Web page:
Views on dating, marriage and divorce are very different now than they were at the turn of the century. Experts say that these changes have contributed—in large part—to a growing trend among the millennial generation: a rise in prenuptial agreements.

A prenuptial agreement is a contract a couple signs prior to tying the knot, dictating how their assets will be divided in the event that their marriage doesn’t last. Historically, people have looked with disdain on a prenuptial agreement—believing that a partner who pushes for such a contract distrusts the relationship’s longevity. So why is the new wave of young adults trending in favor of prenups?

  • Getting married later. Currently in the U.S., 80 percent of people get married by the age of 45. 40 years ago, that percentage corresponded to age 30. People who get married later on in life tend to have built up more property, savings and other assets, which they have a greater interest in protecting.
  • Avoiding debt. Many millennials struggled to find work during the economic recession and consequently view financial security as something that is fleeting. In addition, student loan debt is at an all-time high. Students graduate owing an average of $30,000. As a result, many fiancés want to avoid inheriting their partners’ financial problems when they get married.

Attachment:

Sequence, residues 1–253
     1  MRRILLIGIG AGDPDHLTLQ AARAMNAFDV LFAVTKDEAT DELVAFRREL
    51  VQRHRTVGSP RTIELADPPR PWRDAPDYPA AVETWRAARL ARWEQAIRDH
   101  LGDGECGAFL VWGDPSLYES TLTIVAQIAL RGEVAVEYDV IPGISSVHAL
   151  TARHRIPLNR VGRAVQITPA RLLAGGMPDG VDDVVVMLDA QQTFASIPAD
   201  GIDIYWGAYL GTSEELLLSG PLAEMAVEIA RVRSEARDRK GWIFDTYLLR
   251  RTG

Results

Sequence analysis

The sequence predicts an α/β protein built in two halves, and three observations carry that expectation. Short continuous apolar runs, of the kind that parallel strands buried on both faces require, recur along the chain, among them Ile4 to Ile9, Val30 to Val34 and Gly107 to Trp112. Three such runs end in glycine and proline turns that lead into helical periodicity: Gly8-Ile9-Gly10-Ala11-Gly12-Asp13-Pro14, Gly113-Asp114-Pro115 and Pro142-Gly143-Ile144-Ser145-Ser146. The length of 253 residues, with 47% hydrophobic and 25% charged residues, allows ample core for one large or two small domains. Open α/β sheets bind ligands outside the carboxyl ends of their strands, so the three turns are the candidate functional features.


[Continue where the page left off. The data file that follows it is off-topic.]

• Marriage is less romanticized. Dating isn’t the romantic courtship it used to be. Nowadays, many millennials find their life partners simply by swiping right on a dating app. In addition, millennials grew up in an era when divorce was commonplace. Therefore, millennials are inclined to view marriage more practically, similar to a business partnership—which may or may not last forever.

While you wouldn’t go into business with someone you didn’t trust, you also wouldn’t enter into that partnership without a contract. By and large, millennials believe the same holds true for marriage.